Bard College at Simon's Rock: the Early College
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Music

Develop your passion for music—as craft and field of intellectual inquiry—through intensive experiences in the classroom and concert hall.

The concentration in music prepares students to excel as composers, musicians, and scholars by combining theory with technique, study with performance, and individual talent with meticulous teamwork.

Whether you’re repeating scales in a Kellogg Music Center rehearsal room, attending the annual Spring Berkshire Concerts, or settling in a seat at the Daniel Arts Center to experience The Orchestra Now, you’ll be immersed in musical experiences. As a performer, you’ll have opportunities to collaborate with peers and participate in several ensembles: Chorus, Madrigal Group, Chamber Orchestra, Jazz Ensemble, and Collegium.

In class, you’ll study the broad historical and cultural contexts that inform musical traditions and music’s relationship to other dimensions of human experience and expression. You’ll develop sophisticated insights and approaches to musical performance, and then apply them through active practice with an instrument or voice.

And whether you concentrate in music or not, the Applied Music Program provides access to private lessons with extraordinarily accomplished musicians.

Related career paths

Students with a concentration in music may enter into fields such as arts management, music publishing, production, writing, and education.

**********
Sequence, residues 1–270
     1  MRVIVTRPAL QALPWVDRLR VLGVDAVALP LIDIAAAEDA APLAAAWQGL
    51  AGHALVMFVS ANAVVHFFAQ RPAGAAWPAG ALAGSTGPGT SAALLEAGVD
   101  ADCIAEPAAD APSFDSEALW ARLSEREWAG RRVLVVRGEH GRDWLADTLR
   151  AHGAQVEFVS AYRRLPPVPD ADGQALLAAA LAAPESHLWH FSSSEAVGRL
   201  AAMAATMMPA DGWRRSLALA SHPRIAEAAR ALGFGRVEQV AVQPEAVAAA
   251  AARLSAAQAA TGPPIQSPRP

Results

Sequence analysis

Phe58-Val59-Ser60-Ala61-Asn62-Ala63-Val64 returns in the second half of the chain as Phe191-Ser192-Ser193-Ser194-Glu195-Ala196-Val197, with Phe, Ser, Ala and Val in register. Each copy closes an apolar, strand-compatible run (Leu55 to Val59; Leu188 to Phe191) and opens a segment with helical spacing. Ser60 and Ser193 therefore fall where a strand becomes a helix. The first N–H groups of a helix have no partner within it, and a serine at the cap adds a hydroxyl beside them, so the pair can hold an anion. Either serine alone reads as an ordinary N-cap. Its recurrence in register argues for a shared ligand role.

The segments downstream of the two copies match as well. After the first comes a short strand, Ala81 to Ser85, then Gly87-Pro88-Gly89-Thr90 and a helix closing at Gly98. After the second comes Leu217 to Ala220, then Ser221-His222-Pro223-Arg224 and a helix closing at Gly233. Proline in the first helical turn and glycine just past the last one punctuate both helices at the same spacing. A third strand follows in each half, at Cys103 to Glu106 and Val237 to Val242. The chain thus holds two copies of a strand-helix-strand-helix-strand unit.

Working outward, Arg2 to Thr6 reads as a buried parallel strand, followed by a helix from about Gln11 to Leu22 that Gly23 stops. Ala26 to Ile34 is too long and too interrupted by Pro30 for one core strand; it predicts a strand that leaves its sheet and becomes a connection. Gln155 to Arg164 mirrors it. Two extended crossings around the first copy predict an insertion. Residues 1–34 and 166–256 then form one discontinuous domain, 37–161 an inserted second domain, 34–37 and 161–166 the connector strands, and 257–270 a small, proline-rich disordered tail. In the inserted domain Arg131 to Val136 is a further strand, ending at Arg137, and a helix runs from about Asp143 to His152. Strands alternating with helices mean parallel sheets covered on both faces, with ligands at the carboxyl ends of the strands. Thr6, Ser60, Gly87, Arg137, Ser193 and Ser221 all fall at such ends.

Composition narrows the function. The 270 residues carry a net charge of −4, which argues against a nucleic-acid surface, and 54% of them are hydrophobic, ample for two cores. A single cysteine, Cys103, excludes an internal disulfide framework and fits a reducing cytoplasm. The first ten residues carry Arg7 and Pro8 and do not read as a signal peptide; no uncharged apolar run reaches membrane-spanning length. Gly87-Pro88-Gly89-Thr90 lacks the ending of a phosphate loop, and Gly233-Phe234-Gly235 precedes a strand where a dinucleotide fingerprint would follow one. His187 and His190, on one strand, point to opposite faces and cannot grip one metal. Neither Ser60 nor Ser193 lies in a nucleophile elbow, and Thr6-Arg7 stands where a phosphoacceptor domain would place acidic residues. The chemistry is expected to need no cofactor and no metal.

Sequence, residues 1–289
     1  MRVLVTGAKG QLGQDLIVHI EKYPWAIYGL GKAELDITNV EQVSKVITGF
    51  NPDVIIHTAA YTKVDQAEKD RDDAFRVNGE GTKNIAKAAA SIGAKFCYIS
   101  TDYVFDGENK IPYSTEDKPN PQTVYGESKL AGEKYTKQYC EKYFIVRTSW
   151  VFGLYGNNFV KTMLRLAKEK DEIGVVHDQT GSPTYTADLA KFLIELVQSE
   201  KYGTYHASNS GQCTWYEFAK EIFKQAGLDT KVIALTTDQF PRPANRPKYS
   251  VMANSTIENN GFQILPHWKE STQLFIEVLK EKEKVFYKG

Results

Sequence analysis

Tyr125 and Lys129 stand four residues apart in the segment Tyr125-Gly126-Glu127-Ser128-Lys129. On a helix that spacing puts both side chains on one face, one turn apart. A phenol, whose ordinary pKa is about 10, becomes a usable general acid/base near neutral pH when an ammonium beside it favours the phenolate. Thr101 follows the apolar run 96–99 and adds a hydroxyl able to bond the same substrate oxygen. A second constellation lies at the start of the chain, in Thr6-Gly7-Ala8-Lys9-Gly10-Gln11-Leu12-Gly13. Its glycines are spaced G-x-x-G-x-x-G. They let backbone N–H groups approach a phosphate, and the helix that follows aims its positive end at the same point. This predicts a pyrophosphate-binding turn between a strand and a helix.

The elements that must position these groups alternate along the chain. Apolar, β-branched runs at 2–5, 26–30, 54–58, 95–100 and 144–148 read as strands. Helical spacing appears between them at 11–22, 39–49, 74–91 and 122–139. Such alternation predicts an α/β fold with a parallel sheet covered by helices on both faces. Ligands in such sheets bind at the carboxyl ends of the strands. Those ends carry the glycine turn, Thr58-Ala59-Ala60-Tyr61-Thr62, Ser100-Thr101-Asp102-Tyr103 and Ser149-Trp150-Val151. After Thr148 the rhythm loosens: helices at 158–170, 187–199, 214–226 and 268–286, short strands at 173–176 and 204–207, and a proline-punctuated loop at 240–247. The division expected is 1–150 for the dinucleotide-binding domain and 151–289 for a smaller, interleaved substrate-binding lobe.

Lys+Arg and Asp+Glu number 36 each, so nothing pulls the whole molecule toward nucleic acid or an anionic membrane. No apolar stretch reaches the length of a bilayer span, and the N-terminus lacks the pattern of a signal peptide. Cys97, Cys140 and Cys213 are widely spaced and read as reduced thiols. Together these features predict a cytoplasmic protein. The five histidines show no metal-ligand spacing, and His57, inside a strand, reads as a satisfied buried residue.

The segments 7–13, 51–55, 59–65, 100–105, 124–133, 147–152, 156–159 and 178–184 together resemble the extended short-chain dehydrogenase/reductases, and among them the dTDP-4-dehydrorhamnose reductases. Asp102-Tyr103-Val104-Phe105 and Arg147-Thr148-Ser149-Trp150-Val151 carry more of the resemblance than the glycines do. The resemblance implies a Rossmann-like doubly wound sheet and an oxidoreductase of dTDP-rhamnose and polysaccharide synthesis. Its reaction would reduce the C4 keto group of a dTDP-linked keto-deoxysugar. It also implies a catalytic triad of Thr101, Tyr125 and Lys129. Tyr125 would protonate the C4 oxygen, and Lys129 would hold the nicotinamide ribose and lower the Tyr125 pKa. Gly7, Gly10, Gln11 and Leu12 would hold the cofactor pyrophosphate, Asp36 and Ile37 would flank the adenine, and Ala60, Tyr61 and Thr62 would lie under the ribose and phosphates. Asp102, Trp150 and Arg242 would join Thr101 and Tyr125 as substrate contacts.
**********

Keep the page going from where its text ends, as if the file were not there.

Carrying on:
Curriculum

The concentration in music encourages students to develop as practitioners and theorists. It provides a foundation in key musical concepts, forms, styles and methods that you’ll build on while acquiring proficiency in five areas: Performance, Composition, Electronic Music, Cultural and Historical Studies, and Theory.

Your core study includes three courses in Theory, where you’ll learn the language and methods of music analysis. With a profound understanding of the tonal system, you’ll scrutinize harmonic melodies, identify intervals, recognize the use of dissonance in the form of suspension, and compose your own original polyphonic works.

Meanwhile, you’ll be honing your technical and performance skills—not only as a fun, fulfilling activity, but as an integral part of your education—through two semesters of private lessons and two semesters with one of the college’s performing organizations (Chorus, Jazz Ensemble, Chamber Ensemble, Madrigal Group, Collegium).

You’ll choose additional music electives that speak to you—anything from advanced theory to independent tutorials—and offer the opportunity to make your own intellectual contributions to music. As you chart an individual path based on your particular interests, you’ll also connect music with other areas of study by taking at least one related course outside the music department, whether it’s dance, history, or business, to name a few.

Course Spotlight

A female students attends jazz ensemble practice.

Music 218/318: Jazz: an American Encounter

This course explores the historical development, artistic traditions, and cultural meanings of jazz. Jazz is studied both as a musical phenomenon and as a vehicle for an ongoing cultural dialogue that continues to have a profound impact upon many dimensions of American life.

Related Special Programs